'Bachelor' Chris Soules Asks Court to Drop Charges Related to Deadly Crash

The former 'Bachelor' star says he met the requirements of the law before leaving the scene of the deadly crash.
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Chris Soules is asking an Iowa district court to drop charges related to his leaving the scene of a deadly April 24 crash with a tractor, saying he did everything he was supposed to do under the law.

Soules, a former star of The Bachelor, called 911 and identified himself after his pickup truck crashed into the tractor. He then tried to resuscitate the driver, 66-year-old Kenneth Mosher, who was transported to a nearby hospital where he was later pronounced dead. Soules stayed at the scene of the crash until emergency responders arrived, but was arrested for leaving the scene of an accident resulting in death.

"For whatever reason, the charging officer failed to include in the Complaint and Affidavit that Mr. Soules provided his name and accident location to the telecommunication arm of law enforcement prior to his departure," writes attorney Gina Messamer in the motion to dismiss. "Nor did the charging officer mention that Mr. Soules had rendered emergency aid to Mr. Mosher. Ultimately, Mr. Soules’ 911 call establishes probable cause does not exist for the charge against Mr. Soules."

That 911 call began making the rounds shortly after word of Soules' arrest for allegedly fleeing the scene made headlines.

Messamer argues that call is proof that he satisfied Iowa's legal requirement to identify himself and render "reasonable assistance" to the victim by not only calling dispatch for help but also trying to revive Mosher himself.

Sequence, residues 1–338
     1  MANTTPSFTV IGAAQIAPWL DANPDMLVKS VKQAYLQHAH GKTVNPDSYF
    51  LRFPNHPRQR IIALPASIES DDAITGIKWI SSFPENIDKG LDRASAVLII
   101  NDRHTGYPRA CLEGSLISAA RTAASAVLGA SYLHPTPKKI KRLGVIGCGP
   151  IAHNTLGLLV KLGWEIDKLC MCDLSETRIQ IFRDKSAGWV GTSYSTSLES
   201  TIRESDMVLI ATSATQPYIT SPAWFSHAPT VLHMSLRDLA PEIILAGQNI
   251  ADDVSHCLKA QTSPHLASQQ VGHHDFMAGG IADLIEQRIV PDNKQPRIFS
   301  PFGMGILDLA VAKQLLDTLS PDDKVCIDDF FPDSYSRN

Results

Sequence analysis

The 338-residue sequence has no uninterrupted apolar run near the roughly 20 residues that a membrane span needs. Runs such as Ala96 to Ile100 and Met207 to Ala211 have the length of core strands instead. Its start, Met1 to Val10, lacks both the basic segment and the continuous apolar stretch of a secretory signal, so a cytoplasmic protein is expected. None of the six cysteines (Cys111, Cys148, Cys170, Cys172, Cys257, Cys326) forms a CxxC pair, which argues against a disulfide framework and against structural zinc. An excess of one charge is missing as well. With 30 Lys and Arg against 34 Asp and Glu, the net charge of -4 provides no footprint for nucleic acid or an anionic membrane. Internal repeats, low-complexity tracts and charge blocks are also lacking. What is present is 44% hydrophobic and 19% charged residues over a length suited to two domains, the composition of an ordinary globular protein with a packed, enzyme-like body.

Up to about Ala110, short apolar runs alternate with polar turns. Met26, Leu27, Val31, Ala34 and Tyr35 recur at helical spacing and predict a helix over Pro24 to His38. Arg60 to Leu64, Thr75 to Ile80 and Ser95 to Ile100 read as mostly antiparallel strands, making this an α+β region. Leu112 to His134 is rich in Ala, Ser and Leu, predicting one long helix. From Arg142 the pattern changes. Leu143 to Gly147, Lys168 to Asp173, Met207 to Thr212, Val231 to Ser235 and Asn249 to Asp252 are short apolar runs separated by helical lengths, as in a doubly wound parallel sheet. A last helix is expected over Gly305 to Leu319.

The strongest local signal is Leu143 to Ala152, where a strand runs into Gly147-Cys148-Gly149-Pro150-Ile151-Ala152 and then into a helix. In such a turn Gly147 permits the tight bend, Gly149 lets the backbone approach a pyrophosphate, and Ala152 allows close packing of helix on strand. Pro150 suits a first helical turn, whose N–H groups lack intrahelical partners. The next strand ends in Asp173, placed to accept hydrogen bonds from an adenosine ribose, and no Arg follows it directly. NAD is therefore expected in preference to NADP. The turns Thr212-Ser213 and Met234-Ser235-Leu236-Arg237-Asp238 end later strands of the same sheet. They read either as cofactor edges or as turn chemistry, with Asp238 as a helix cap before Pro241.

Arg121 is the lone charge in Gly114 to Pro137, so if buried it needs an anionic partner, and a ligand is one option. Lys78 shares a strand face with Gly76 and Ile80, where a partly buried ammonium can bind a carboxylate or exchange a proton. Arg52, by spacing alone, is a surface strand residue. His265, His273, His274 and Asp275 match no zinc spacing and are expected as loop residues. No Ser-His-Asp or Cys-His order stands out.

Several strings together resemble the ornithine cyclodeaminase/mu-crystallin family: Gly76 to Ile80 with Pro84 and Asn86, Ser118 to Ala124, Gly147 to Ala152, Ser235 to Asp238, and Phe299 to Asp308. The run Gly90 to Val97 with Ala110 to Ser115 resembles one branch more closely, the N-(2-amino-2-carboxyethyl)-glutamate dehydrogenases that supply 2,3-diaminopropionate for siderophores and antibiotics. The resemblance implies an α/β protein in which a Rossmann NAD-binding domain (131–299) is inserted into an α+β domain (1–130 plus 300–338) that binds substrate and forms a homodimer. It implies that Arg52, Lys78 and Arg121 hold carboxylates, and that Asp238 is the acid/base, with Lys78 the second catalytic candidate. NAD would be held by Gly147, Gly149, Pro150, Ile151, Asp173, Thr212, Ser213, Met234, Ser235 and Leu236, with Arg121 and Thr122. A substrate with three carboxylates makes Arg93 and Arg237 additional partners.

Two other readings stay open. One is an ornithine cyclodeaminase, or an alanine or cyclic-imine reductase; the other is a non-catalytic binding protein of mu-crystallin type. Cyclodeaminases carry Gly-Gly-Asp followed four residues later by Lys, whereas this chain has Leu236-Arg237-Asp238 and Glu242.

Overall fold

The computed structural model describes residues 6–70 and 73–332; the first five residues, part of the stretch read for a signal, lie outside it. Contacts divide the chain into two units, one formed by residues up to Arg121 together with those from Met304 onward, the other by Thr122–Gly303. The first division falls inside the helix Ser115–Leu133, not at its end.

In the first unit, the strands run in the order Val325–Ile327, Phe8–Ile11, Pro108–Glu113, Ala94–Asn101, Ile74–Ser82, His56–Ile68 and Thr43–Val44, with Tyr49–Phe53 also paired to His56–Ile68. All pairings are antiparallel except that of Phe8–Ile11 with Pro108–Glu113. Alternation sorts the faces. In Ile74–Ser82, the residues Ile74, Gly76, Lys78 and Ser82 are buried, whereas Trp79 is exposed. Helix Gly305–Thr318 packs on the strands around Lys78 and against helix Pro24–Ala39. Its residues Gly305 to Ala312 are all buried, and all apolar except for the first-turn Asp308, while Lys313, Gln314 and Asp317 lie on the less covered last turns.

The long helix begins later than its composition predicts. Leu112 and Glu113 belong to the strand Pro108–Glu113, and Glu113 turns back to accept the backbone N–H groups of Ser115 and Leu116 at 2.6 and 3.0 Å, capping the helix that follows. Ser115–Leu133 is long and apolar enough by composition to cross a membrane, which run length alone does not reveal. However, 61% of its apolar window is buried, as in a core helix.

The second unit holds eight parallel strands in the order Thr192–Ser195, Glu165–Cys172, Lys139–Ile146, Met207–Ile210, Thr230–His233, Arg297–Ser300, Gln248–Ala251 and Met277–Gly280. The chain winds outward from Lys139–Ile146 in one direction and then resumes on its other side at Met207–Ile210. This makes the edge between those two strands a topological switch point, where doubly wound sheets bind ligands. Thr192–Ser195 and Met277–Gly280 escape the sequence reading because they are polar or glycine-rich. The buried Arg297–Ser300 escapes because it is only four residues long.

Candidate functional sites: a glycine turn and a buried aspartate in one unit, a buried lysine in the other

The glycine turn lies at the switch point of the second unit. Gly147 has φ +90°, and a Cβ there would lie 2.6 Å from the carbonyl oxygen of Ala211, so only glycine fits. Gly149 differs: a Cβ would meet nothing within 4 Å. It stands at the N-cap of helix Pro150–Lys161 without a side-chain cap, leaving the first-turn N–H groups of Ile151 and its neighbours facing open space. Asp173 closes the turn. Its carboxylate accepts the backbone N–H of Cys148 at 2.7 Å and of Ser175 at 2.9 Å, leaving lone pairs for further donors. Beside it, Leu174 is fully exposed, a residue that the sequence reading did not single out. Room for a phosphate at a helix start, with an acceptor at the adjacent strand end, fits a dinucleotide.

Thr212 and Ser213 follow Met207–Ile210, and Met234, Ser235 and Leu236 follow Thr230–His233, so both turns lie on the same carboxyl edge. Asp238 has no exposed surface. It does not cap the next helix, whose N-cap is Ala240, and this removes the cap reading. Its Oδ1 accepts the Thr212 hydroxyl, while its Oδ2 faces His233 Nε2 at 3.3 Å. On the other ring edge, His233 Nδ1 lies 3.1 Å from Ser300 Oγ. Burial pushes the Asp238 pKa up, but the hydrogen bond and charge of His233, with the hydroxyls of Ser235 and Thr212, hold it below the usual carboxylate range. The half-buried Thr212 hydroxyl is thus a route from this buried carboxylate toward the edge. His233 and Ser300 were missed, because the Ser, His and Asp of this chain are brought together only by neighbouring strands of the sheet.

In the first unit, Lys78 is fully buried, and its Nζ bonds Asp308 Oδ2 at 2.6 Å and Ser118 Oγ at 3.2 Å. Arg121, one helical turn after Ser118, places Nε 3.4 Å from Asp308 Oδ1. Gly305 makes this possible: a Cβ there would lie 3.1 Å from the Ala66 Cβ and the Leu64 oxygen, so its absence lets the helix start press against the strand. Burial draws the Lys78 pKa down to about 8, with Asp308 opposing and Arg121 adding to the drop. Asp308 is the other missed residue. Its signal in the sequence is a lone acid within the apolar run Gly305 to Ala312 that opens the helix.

"Mr. Soules did not depart the scene until he was assured emergency personnel had the situation in hand," writes Messamer. "As a matter of law, the State cannot prove Mr. Soules did not render 'reasonable assistance.'"

Messamer says her client never tried to hide his identity, and it's clear he left the crash site legally after EMTs arrived. "A surviving driver is relieved of the responsibility of returning to the scene so long as the driver informs law enforcement of the location of the surviving driver," she writes.

"Not only did Mr. Soules satisfy the letter of the law, he satisfied the spirit," writes Messamer. "He gave law enforcement on-the-spot identification and location information and reasonably provided treatment to Mr. Mosher. Because probable cause does not exist to establish Mr. Soules committed the charged offense, the prosecution against him must be dismissed."

Read the motion to dismiss brief in full below.

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